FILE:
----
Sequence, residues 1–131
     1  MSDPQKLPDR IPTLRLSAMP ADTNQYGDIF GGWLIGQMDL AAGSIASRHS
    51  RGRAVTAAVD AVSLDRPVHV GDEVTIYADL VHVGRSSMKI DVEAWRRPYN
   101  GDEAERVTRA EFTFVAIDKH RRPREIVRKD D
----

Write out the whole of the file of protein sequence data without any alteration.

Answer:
Sequence, residues 1–131
     1  MSDPQKLPDR IPTLRLSAMP ADTNQYGDIF GGWLIGQMDL AAGSIASRHS
    51  RGRAVTAAVD AVSLDRPVHV GDEVTIYADL VHVGRSSMKI DVEAWRRPYN
   101  GDEAERVTRA EFTFVAIDKH RRPREIVRKD D